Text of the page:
This post follows directly and rapidly ("a quickie") following my previous post, yesterday here in "Conversations" cf. also my post this morning in my blog: "The Materials Chemists" on the "Human-Angle" in this years Nobel Prize 2008.

Thanks to internet and the press releases of the major Organisations, R&D Insitutes and Universities etc. I have been able to find the link to the French side in the isolation of HIV (V for virus) taken as an example in my previous post.

Without further ado here is the link in english to Institut Pasteur's role in this progress -LINK.

The important decision to tackle the problem in France dates from around 1982

Willy Rozenbaum, French clinician working at Hôpital Bichat at the time & Prof & Research Director Jean-Claude Chermann have been recently brought to the fore.

I hasten to add that, far from a specialist in these fields: medicine, biochemistry... I must refrain from further comment on the scientific approach. From a human stand point dare I say it, I refrained from donating blood for at least five years from 1986 to 1993.

Of course there are a number of famous cases of scientist being passed by which were certainly in the back-of-my mind (sub-conscience) I have a name on the tip of my tongue but ...

Let's not join the Financial Community and lose sight of realiy.

Cheers & keep fit & healthy.


Tuesday, October 07, 2008

NOBEL PRIZE AWARDS -2008 The Father of Invention - Mother of Great Innovation -A sure source for Discussion and Disagreement

No member of the scientific community nor blog on Science based Innovation can ignore the work done by the Nobel Prize Organization. This week and next will see the 2008 Nobel Prize winners. I have included for your keen attention the Nobel Prize Widget to keep us all informed. Feel free to "Innovated by sticking it on your blog or website.

"This-Above-All"
Now why, oh why, you may ask, have I brought up the "Conversation item in the title "A sure source for Discussion and Disagreement". Yes of course it is the title of my Blog and an underlying theme "across the board. More importantly, regular followers of science and scientific news, invention, innovation will have many ideas as to what this may be. For the less involved, including myself, I can easily imagine that there is substantial lobbying, battles in communication, and all manner of strategies and tactics involved, and projects which would benefit greatly from the renown of this most prestigious award (sorry for we contenders in "The Best or Worst Blog Awards contest!)...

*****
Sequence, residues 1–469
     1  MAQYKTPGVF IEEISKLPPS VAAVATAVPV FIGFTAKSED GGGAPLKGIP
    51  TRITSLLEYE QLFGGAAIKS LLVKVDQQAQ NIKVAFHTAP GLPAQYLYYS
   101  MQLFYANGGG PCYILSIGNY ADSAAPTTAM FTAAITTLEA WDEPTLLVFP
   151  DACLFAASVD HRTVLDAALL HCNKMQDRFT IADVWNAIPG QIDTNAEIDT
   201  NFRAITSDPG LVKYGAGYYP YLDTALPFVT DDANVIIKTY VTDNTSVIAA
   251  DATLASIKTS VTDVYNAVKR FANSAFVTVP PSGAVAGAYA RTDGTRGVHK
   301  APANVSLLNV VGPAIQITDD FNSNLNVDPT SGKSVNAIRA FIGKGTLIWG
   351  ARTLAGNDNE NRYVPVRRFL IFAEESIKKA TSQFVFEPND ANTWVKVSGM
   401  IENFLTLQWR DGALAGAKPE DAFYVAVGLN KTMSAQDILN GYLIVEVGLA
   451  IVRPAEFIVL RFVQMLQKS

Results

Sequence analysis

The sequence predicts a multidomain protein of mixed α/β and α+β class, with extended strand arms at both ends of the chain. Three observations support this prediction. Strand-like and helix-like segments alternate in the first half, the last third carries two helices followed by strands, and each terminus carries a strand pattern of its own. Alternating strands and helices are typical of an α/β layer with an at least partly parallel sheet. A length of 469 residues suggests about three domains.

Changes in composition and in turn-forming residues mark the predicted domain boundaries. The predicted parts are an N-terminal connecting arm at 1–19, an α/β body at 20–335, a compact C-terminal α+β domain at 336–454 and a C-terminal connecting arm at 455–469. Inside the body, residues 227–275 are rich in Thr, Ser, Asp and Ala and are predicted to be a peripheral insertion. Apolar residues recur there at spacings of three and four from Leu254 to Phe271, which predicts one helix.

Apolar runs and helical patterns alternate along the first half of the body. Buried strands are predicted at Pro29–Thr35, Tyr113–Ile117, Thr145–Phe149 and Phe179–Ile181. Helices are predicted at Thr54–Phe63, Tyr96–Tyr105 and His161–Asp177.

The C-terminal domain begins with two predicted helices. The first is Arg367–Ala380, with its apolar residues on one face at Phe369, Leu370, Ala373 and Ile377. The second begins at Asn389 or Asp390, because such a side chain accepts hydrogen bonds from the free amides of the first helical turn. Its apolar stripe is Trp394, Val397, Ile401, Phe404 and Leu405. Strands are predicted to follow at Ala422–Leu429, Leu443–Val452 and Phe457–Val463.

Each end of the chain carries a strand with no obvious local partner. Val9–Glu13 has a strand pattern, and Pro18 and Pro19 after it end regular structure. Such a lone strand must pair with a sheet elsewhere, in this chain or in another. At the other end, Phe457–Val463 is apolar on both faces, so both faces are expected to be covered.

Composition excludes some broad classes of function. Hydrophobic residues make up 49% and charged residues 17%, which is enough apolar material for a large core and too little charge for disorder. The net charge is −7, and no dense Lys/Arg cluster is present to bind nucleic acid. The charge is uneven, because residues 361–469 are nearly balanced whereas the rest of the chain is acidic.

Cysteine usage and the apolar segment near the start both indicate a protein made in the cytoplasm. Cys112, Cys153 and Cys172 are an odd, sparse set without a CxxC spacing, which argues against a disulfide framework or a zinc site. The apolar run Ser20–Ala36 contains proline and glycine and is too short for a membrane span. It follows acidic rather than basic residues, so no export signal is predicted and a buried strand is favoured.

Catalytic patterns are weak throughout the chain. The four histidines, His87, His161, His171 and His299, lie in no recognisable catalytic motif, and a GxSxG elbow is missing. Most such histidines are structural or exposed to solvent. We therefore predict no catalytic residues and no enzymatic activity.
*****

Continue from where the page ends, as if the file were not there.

More important in my opinion is the fact that so many scientists involved are "Nobel Class" and I wish to propose that the "Class" too should be given the just acknowledgement as it is neither possible nor desirable that "The Olympic Gold Medal in Science - The Nobel Prize" be given to "The Whole Class."



As a pointer or tag: let me just mention a great research start for a budding journalist could be the award of the 2008 Prize for Medicine. Do not get me wrong this is in no way "Bashing the French" with my superior english or something. Quite the contrary, just before writing this I was watching the excellent french daily medical magazine on the French-German joint TV Arte. An illuminating behind the scenes portrait of the role of about 5 professors and researchers associated with the prestigious Institut Pasteur played leading roles. Two are 2008 award winners. The project initiator in France Prof. Rosenbaum, presented his inside knowledge and the fact that his focus on preventive medicine and open communication, in the form of a Newsletter from an Atlanta Medical Institute brought immunodeficiency disease cases in US to his attention. He addressed The Institute Pasteur with the result we know today. The decision appears as I understand him to have been given to one leading but lesser known researcher, the youngster Prof. Françoise Barré-Sinoussi (b.1947) at Pasteur and the extremely well known Prof Montagnier(b. 1932), forced into retirement at 65y, a few years ago, now heading projects in USA. Prof. Rosenbaum paid great tribute also to the excellence of their US colleagues, with an enigmatic expression "perhaps too good."? And again "Pasteur's communication - [communication policy may be the new research winners "drug." -JA]

Now you see too that such a slant completely ignores that half of the Prize went to Harald zur Hausen (b. 1936), of the German Cancer Research Centre Heidelberg, Germany "for his discovery of human papilloma viruses causing cervical cancer"

However the incredible human side of this very high level science remains to be told.

I posted a piece on the search for neutrinos - "The materials science of materials science" Link to my post and poem on Neutrinos in which I mention Clyde Lorrain Cowan, Chemist, WWII-Hero, and Nobel prize winner in Physics whose family encountered difficulty in having their father recognised also as a War Hero highly deserving a place of honour in the US Military Grave Yard in Arlington, Virginia. - now acknowledged.

To support this request for more on the "human angle" I would be pleased to have your comments and information, web links on such subjects. As a metallurgist and materials scienctist physics and chemistry will naturally be my prefered research areas.

Thanks in advance.

ref: Nobel Prize Organisation